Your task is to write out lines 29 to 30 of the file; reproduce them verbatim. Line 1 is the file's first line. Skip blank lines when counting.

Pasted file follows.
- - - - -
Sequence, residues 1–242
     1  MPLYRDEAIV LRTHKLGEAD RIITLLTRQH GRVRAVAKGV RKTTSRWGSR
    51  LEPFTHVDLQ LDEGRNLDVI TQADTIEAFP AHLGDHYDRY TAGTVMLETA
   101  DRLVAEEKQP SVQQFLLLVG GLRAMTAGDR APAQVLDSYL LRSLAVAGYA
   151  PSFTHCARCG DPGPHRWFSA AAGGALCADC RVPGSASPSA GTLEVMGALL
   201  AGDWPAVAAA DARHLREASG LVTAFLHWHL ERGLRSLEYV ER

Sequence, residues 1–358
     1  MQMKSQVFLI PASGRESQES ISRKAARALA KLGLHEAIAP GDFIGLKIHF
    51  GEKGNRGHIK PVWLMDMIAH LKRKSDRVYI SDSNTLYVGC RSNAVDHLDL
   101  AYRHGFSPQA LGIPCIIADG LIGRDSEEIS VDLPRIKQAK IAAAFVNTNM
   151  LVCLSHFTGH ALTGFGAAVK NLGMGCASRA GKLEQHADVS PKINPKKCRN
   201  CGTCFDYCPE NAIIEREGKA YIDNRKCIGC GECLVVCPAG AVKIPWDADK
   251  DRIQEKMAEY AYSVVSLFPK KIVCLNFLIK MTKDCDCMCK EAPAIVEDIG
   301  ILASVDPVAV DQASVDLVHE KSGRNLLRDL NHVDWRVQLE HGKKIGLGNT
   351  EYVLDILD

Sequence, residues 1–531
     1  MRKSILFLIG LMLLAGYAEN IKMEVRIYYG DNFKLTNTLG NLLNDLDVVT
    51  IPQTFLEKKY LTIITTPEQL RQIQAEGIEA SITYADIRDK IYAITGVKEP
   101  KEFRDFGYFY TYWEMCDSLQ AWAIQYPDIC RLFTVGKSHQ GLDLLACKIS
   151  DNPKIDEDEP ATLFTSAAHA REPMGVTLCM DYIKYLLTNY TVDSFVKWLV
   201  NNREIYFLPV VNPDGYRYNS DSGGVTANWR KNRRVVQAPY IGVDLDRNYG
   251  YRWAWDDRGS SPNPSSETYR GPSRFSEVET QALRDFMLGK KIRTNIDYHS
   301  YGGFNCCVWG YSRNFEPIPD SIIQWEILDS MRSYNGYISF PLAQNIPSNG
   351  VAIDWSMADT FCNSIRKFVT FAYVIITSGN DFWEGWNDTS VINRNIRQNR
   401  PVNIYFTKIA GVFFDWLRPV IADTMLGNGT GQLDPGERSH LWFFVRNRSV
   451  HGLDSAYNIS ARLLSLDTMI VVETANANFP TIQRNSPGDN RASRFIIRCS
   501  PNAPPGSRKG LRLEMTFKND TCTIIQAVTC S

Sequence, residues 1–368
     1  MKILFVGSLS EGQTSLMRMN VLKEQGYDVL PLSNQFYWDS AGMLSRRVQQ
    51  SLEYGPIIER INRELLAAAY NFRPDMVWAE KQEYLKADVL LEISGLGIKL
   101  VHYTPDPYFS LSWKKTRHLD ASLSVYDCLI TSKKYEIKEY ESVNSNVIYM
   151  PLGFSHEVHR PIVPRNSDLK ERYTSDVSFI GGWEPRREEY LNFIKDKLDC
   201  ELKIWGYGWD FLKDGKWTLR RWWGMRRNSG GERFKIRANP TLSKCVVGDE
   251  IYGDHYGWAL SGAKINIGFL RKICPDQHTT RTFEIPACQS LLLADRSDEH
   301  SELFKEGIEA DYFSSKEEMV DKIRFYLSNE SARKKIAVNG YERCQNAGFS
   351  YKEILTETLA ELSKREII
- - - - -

     1  MKILFVGSLS EGQTSLMRMN VLKEQGYDVL PLSNQFYWDS AGMLSRRVQQ
    51  SLEYGPIIER INRELLAAAY NFRPDMVWAE KQEYLKADVL LEISGLGIKL